One more preliminary.  There are two banes of capital-intensive companies:  overcapacity and technological change, which can render existing capital structures either irrelevant or obsolete.  Depending on how far you want to push the concept of capital (does it include brand names and distribution networks), the latest of the latter plagues has been the internet, which allows people like me to publish their views at little cost, and anyone with the price of a web storefront, to distribute merchandise all over the world.

Here goes.

what they are

expensive, long-lived assets

In its simplest form, a capital-intensive business is one that requires a very large initial outlay of money to get it up and running.  The upfront expenditure is made on an asset that has a very long useful life.  The cost of this asset dominates the business.

Typically, this involves buying/building a lot of plant and equipment, as in the case of a blast furnace steel mill, a semiconductor foundry, an oil refinery, a cement plant or a hotel.  But it may also involve purchase of a license or a right, as in the case of a toll road or a permit to do deep-water offshore drilling for oil.

not portable

For massive plants, like a blast furnace, once they’re built it may be physically impossible to move them.  But the assets–like a mine–may equally well need to be close to mineral deposits, or to sources of power or means of transporting output to markets.  Even if they could be moved, NIMBY (not in my backyard) may be an issue.  Few people want an oil refinery or even a brewery next door.  Airplanes and ships are exceptions, but even here they require airfields and ports to be able to operate.

financial leverage

Because their assets are typically very expensive to acquire, capital-intensive companies often use debt capital to fund themselves, in addition to equity.  Tax laws may encourage this.  In most parts of the world, loans collateralized by real estate are non-recourse to the borrower, meaning that if the project fails the lenders can seize only the real estate, and are unable to make a claim on the borrower’s other assets.  As a result, real estate projects are typically very highly leveraged.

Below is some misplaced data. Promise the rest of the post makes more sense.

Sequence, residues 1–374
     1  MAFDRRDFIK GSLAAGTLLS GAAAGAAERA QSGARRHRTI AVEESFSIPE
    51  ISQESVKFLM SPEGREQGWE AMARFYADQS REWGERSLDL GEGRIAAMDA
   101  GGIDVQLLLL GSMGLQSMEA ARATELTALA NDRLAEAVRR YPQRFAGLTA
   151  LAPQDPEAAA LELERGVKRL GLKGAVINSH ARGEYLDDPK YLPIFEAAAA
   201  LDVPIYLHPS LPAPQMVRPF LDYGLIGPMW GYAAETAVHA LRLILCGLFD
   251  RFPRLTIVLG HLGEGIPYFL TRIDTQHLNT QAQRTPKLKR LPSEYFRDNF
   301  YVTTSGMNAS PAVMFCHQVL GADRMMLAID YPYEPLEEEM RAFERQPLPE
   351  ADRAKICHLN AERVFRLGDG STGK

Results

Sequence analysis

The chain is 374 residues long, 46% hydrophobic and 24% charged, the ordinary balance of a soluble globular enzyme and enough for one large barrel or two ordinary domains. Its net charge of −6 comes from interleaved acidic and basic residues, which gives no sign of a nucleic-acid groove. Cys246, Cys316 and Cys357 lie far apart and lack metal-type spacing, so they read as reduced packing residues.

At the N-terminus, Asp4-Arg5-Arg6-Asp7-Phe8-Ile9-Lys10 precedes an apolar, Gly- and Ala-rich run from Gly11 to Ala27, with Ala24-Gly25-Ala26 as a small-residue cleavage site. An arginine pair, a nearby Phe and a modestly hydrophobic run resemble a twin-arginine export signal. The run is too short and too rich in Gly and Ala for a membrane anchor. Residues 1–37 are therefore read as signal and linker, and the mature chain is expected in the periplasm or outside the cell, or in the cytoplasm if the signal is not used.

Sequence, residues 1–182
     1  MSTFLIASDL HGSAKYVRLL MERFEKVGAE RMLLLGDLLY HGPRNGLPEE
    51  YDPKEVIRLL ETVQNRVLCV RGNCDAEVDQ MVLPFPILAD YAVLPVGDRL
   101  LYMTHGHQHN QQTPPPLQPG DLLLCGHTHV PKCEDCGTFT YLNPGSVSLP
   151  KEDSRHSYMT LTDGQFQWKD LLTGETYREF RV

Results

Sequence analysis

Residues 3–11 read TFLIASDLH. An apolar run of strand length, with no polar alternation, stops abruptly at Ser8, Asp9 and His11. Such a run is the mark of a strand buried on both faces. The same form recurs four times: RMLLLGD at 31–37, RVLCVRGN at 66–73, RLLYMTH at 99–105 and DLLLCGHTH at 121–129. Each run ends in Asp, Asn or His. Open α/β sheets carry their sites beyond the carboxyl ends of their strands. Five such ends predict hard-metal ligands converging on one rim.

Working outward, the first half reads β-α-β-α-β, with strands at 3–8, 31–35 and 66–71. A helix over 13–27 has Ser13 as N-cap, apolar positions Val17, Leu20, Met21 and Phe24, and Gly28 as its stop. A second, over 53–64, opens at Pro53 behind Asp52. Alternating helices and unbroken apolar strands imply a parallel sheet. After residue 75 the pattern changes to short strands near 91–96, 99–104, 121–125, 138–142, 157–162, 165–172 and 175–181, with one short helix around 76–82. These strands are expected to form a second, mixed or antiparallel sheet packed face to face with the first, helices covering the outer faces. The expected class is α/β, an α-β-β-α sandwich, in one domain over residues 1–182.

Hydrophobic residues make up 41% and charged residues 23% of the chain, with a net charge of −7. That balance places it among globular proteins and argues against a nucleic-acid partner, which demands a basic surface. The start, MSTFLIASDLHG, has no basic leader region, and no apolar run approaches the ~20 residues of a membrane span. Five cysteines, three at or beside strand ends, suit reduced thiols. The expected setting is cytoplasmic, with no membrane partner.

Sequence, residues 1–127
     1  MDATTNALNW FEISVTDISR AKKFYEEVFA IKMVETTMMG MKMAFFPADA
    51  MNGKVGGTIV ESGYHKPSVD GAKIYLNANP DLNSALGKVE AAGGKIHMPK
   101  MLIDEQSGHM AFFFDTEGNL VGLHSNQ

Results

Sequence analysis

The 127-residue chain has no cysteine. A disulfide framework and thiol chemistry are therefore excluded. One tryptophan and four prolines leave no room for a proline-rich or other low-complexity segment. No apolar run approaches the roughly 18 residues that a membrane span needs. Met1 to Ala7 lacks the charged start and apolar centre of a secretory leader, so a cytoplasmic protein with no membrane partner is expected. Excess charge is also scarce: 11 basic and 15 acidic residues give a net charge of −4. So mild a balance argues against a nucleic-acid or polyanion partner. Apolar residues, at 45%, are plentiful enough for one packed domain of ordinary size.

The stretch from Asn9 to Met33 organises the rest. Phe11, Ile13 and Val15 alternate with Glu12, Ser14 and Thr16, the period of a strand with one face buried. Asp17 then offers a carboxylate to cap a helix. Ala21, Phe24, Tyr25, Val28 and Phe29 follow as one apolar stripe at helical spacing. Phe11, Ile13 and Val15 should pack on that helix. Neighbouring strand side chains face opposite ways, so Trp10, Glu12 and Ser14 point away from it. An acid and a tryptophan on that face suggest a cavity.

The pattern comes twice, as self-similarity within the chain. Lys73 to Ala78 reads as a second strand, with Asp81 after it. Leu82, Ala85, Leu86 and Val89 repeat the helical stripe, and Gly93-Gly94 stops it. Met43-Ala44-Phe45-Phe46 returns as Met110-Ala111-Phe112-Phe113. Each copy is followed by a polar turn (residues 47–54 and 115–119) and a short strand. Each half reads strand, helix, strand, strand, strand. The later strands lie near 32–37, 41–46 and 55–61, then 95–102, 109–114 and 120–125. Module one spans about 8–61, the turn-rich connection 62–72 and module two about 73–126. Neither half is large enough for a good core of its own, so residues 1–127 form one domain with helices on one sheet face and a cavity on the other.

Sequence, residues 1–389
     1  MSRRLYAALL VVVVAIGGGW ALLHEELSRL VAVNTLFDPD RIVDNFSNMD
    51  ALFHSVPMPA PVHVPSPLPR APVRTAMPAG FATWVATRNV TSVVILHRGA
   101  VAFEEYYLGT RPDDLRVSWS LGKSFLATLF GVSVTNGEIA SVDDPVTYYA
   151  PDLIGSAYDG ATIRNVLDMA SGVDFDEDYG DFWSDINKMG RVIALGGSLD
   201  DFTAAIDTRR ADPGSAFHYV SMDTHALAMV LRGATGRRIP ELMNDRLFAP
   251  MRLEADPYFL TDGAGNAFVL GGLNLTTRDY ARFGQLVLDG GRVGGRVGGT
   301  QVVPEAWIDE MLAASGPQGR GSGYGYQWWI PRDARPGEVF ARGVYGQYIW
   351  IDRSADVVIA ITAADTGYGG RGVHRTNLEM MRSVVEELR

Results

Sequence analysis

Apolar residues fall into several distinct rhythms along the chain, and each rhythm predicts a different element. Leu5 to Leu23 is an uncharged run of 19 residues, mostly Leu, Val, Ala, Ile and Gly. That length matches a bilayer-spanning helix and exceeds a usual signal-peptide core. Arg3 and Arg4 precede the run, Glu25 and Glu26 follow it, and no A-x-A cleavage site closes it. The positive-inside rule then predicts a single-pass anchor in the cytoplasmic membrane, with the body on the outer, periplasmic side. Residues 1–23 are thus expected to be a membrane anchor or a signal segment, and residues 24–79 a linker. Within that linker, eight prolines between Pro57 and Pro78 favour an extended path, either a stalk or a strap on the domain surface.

vs. labor intensive

Capital-intensive companies are often contrasted with labor-intensive ones, with the traditional model being piece-work assembly such as is done with electronic devices.  The older analog would be a garment district sweat shop or a bunch of people with hand tools digging a ditch.  In today’s world, a firm that provides security guards or temporary help are also good examples.

The assumption behind capital-intensive vs. labor intensive is that the two kinds of inputs an entrepreneur has available to him for his business are: manual labor and expensive machinery.   If this year were 1910 and not a century later, that would be okay.  But not now.

The old joke about an advertising or public relations agency is that the assets leave the building in the elevator every night.  They’re clearly labor intensive, but they employ highly specialized and skilled workers.  But what about software firms that have unusually talented workers and which have amassed large amounts of intellectual property–MSFT Windows or Office, for example.  What about GOOG or AMZN?  What do we do with pharmaceutical research firms, again with substantial intellectual property and patented drugs?  Are they labor-intensive or capital-intensive?

The fact that the distinction has begun to break down at the edges–fodder for another post–doesn’t mean it isn’t still useful for an investor in understanding many industries.

More tomorrow.